WILLIAM EGGLESTON, Untitled, from Paramount Pictures, 2000, Ink jet print, 30 x 24 inches, (c)Eggleston Artistic Trust, Memphis, courtesy Cheim & Read, New York
We have to take William Eggleston at his word: his photographs may be primarily about the American South, but his photography isn't. Much is made of Eggleston's visual preoccupation with his native region, and certain "qualities" of the south - the sense of topical wear and even decay, for instance, or the persistence of rural self-sustenance even in the middle of urban environments - do persist. But they persist even in Eggleston's photos of other places, even non-American places. No matter how much the public construes it otherwise (abetted, admittedly, by the exhibition's own wall labels), the Eggleston retrospective at the Los Angeles County Museum (through January 16) documents not the contemporary American south but contemporary approaches to framing and recording perception and to analyzing - perhaps neutralizing, perhaps enhancing - the conditions of modern life.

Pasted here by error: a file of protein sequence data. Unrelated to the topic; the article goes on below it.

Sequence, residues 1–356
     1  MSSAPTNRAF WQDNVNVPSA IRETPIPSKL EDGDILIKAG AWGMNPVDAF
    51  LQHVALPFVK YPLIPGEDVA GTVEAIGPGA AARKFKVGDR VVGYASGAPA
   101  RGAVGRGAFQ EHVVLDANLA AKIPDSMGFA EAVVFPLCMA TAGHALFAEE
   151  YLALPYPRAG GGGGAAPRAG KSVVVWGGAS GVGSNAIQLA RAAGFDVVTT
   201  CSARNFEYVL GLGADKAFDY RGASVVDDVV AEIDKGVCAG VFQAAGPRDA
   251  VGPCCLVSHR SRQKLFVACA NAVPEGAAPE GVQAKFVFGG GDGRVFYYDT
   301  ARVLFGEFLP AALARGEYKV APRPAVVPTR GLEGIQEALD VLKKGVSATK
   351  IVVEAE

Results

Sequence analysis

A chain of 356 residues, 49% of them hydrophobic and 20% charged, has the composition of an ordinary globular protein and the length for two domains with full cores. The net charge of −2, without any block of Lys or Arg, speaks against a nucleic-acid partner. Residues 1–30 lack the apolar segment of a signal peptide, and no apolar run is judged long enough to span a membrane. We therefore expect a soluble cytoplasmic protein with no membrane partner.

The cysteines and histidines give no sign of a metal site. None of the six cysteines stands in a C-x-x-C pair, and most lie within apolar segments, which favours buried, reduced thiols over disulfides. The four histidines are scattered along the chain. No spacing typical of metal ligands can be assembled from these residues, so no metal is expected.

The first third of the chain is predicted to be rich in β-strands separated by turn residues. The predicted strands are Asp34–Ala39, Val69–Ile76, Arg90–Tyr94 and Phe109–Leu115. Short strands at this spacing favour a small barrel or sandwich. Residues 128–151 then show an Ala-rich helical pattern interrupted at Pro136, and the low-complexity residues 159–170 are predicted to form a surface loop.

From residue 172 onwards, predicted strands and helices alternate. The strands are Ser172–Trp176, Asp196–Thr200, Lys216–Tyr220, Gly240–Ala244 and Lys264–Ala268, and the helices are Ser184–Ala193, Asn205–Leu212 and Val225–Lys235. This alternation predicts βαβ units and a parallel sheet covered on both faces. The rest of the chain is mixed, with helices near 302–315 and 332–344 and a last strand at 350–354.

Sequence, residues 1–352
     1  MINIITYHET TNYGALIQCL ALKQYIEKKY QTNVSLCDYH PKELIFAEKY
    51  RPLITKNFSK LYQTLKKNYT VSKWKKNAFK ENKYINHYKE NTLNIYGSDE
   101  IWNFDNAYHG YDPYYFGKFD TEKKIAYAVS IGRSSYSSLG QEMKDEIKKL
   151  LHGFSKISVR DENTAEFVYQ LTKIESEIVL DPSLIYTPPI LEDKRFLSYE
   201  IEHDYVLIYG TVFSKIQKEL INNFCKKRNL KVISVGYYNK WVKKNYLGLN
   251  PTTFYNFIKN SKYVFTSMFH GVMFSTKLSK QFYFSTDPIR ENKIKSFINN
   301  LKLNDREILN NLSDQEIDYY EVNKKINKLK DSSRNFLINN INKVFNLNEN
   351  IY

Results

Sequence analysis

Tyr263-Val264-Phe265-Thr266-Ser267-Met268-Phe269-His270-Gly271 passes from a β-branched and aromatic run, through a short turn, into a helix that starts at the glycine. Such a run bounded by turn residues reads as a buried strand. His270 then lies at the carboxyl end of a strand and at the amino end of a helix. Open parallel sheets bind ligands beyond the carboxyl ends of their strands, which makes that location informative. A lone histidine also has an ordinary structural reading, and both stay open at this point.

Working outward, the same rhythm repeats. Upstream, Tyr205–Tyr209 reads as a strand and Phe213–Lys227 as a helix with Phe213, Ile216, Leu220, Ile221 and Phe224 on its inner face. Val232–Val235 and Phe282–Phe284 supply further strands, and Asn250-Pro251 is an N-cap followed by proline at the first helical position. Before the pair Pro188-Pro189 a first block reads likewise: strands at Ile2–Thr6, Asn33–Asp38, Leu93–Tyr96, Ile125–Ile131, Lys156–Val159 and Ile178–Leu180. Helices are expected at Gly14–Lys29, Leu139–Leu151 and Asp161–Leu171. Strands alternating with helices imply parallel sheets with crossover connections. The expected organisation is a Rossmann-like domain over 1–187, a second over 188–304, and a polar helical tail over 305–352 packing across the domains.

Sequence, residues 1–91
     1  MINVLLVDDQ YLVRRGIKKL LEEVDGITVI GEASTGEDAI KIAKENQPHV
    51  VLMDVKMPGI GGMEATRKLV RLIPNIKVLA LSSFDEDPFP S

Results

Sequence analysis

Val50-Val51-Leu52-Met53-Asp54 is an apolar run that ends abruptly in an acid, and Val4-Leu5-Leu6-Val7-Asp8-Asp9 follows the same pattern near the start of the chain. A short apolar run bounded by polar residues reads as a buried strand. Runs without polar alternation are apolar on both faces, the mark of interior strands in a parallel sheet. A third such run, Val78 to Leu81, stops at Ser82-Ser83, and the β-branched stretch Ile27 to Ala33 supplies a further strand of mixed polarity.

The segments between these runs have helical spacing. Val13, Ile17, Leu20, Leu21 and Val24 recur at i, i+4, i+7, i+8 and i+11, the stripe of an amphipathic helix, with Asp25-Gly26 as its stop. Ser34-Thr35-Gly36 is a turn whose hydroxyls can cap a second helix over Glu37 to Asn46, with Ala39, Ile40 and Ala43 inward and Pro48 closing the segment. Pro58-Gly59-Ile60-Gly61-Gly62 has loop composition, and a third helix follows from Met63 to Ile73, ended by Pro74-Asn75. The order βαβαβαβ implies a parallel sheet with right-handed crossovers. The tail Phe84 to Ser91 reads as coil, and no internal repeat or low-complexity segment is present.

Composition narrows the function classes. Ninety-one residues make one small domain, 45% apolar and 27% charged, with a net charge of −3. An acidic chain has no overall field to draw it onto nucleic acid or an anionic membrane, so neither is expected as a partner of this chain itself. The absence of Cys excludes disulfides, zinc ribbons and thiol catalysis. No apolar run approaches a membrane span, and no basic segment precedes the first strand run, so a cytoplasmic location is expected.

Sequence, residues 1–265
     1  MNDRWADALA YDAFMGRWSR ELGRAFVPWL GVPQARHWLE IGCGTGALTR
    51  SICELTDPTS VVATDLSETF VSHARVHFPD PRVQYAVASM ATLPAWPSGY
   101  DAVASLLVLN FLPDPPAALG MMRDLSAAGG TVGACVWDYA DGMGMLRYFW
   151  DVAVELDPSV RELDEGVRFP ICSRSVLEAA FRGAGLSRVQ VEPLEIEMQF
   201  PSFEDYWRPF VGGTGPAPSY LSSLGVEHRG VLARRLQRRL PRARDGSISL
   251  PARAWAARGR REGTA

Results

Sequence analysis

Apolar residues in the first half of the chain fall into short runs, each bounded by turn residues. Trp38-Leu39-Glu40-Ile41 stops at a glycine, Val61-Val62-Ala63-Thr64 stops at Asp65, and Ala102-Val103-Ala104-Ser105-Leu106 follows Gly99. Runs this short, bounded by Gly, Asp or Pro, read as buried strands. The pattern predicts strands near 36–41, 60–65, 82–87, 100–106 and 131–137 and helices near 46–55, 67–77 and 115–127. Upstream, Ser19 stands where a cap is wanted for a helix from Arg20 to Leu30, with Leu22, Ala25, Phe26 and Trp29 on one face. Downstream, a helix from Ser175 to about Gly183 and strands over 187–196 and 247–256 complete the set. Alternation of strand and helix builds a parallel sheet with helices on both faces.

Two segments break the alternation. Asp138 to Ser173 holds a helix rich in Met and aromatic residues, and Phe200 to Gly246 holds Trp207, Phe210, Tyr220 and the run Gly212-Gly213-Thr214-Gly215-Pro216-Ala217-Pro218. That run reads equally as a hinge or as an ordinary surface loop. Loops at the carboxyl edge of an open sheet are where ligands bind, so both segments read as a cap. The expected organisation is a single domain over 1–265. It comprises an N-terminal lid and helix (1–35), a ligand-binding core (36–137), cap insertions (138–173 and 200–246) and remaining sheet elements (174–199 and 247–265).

WILLIAM EGGLESTON, Algiers, Louisiana, c. 1972, Dye transfer print, 16 13/16 x 11 inches, The J. Paul Getty Museum, Los Angeles, (c)Eggleston Artistic Trust, courtesy Cheim & Read, New York
The importance of Eggleston's oeuvre resides in its formal, as opposed to its subjective, topicality. His place of pride in the history books is, of course, as one of the first "art photographers" to be taken seriously as such for a body of work shot in color. But Eggleston commanded that respect and has exercised that influence by shooting the world with what might be called an exacting carelessness. Whether or not he searches for moments and circumstances of emphatic neutrality, he finds them and commits them to perpetuity. Although he frequently evokes the amateur snapshot (especially in his photographs of people), Eggleston never mimics it, imbuing the most banal images with a depth of field and a sense of wonder. His mastery of the dye-transfer print - he was working exclusively in color as of the late 1960s - put this resonance at his disposal early on, and he has gotten us drunk on color ever since. But his color packs the wallop it does not because he amplifies or exploits it, but because he gets out of its way.